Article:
TDD: Who is testing the tester?

I posted earlier about the book "Test Driven Development in Microsoft.NET, and I liked that book very much, it's not that. I've been using JUnit and NUnit in smaller and larger projects, but I've never used it in the way you often see it described in books written by the TDD-gurus and the way it is described in this book. I can't help it, but it feels kind of stupid to create a test the first thing you do, just to see the compile fail, write enough code to make the test compile then see the test fail, then add "dummy code" so that the first test pass but the rest fails... you know the drill :) 

Then there is this thing about testing every class in every layer in a system or application. Writing that many tests manually would probably make me go nuts, and the quality of the test methods would most certainly drop after a while. The value of unit testing only gets as good as your test code, right? I've seen some tools that try to create test code for you automatically, but I've not been that impressed.

The way I've been using JUnit is that I've created tests against the facade layer or (web) service layer and then added the tests as a target in my ANT build scripts. That has worked out pretty well. If someone in the team changed something in the database or some other layer, the test fail and you (most of the time) get a pretty good tracktrace which shows where the problem lies. Even so, writing really good tests for that layer only (with scripts for setting up database tables and populate with test data), can take quite some time. Of course, it depends on what kind of system you're building and if the service/facade interface takes complex parameters which makes it hard to test properly, but imagine writing tests for the service layer, business layer, utilties and data access layer too. You would probably spend more time writing test code than anything else :)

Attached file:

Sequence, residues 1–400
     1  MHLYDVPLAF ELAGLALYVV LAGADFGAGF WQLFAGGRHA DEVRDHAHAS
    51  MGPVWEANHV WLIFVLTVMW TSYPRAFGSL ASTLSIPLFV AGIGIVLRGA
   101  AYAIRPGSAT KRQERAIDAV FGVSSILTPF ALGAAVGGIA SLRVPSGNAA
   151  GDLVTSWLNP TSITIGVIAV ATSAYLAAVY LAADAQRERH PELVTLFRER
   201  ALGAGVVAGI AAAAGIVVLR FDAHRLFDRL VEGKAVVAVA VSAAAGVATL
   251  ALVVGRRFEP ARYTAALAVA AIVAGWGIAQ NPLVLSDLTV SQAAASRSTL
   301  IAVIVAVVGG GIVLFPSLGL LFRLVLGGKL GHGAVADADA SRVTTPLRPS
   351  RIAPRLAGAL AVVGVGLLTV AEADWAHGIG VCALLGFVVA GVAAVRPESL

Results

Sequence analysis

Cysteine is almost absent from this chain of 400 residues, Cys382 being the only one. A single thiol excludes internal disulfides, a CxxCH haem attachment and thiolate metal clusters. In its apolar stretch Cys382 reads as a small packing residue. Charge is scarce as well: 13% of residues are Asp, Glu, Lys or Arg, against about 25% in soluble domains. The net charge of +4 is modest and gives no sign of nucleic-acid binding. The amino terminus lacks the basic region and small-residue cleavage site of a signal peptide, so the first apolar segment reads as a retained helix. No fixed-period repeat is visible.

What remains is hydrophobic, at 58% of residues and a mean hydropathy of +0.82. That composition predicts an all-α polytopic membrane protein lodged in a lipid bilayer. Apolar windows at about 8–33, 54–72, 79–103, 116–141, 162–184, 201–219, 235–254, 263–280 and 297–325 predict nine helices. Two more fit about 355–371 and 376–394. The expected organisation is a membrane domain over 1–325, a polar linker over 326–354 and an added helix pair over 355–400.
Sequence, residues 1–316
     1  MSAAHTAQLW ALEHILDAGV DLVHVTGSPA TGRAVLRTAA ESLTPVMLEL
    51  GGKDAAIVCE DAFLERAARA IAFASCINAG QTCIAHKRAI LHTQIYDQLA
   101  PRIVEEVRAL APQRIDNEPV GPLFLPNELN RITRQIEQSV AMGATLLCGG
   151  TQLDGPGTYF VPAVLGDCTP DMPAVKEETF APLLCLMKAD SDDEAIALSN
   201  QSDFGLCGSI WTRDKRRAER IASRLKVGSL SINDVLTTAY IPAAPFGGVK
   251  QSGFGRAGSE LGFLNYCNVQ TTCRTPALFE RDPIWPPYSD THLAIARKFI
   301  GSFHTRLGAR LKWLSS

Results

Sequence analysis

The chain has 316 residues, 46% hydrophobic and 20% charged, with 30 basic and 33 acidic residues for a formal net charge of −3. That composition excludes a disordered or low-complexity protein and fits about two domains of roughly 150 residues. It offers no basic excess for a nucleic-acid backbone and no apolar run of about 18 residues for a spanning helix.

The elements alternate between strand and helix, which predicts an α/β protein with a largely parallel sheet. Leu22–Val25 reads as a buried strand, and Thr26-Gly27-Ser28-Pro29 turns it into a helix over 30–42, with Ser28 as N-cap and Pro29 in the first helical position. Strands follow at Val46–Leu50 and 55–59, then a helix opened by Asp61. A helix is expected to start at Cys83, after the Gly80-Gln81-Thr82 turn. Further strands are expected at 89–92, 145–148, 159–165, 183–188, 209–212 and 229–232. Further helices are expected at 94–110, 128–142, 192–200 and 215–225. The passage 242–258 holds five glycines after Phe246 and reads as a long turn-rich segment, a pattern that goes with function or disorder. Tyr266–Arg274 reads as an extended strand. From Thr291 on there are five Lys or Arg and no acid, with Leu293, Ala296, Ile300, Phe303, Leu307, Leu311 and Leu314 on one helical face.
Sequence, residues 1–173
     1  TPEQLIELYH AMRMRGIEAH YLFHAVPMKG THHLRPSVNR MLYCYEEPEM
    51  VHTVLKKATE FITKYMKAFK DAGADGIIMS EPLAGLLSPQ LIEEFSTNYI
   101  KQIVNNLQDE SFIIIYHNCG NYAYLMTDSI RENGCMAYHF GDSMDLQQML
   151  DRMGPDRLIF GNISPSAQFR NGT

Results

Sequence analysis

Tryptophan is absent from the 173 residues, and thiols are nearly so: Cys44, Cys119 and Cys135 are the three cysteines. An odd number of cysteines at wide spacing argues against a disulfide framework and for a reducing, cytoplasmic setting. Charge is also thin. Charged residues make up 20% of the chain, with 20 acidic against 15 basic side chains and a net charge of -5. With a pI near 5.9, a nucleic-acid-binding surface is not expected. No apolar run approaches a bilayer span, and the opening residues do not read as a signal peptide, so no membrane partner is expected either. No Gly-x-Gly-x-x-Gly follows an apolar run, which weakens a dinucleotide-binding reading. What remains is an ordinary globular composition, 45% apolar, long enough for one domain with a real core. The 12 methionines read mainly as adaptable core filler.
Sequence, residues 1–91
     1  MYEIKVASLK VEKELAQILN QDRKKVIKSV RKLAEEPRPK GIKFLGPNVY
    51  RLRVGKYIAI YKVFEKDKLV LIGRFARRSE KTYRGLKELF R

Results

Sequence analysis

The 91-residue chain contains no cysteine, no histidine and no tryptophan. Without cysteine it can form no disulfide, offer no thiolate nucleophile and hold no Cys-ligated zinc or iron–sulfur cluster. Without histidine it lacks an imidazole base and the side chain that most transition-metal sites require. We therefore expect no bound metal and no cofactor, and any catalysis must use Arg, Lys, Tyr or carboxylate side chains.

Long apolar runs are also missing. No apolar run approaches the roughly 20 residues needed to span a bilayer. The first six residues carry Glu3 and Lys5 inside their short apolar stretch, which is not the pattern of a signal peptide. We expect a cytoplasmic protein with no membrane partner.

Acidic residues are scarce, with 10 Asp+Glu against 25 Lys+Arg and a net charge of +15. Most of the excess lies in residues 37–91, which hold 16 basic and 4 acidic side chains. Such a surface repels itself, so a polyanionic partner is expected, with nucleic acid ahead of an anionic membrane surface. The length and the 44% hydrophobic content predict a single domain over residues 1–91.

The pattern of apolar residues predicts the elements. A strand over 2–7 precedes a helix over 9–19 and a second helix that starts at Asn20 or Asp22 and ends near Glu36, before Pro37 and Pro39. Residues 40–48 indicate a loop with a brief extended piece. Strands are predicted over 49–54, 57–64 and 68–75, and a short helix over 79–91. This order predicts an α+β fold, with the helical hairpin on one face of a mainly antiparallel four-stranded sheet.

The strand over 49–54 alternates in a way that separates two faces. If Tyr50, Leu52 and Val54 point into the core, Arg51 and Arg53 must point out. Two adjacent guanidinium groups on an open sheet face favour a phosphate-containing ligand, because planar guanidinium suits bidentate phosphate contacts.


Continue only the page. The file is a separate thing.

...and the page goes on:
Some would probably say TDD, XP and Refactoring is something invented by a few smart guys so they would get longer contracts and get to spend more time coding and less time documenting ;) I just wish some of my customers believed in those methods when I was a consultant :p

Personally I'm going to continue to use parts of TDD, XP and refactoring that I like because I think these methods (not that refactoring is a dev method but anyway) have got some really good bits in them. Besides, I love to read the books about them.

Published Tuesday, February 15, 2005 10:08 PM by jdanforth
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